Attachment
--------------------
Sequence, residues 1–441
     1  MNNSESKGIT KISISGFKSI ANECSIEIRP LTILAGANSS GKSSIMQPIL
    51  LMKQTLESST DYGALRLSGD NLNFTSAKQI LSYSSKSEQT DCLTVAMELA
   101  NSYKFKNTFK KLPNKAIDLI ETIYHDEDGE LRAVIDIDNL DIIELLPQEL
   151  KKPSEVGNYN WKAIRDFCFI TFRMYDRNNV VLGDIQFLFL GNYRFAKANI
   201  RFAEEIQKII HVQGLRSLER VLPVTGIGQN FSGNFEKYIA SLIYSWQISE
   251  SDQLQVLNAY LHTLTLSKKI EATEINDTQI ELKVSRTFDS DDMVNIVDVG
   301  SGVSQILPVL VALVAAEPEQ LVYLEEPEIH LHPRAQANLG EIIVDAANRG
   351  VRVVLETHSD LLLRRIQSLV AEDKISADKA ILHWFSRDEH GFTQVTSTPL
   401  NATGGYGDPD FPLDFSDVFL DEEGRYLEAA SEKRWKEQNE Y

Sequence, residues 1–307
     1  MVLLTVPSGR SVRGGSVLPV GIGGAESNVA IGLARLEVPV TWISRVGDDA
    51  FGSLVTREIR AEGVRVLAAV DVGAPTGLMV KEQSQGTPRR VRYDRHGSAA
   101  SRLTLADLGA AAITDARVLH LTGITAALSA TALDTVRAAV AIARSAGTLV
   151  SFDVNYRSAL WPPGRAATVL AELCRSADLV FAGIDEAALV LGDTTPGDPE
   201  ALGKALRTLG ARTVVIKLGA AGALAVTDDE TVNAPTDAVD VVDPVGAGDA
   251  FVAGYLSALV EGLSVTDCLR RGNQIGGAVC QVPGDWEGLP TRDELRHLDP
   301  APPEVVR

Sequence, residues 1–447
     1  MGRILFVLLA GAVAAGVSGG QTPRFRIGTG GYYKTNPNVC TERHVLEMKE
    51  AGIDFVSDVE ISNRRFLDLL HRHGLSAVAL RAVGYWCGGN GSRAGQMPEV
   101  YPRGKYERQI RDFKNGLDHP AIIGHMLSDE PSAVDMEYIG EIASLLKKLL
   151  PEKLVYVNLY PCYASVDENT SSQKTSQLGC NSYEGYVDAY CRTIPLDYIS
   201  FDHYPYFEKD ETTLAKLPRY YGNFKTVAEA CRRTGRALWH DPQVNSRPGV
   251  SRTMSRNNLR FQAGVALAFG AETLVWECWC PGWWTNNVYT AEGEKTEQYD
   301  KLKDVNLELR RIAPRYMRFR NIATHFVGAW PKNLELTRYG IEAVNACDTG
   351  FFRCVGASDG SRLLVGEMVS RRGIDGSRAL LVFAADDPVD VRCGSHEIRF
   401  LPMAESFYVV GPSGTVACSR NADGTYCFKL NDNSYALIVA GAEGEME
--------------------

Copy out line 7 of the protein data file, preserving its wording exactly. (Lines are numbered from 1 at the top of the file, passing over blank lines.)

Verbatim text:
   251  SDQLQVLNAY LHTLTLSKKI EATEINDTQI ELKVSRTFDS DDMVNIVDVG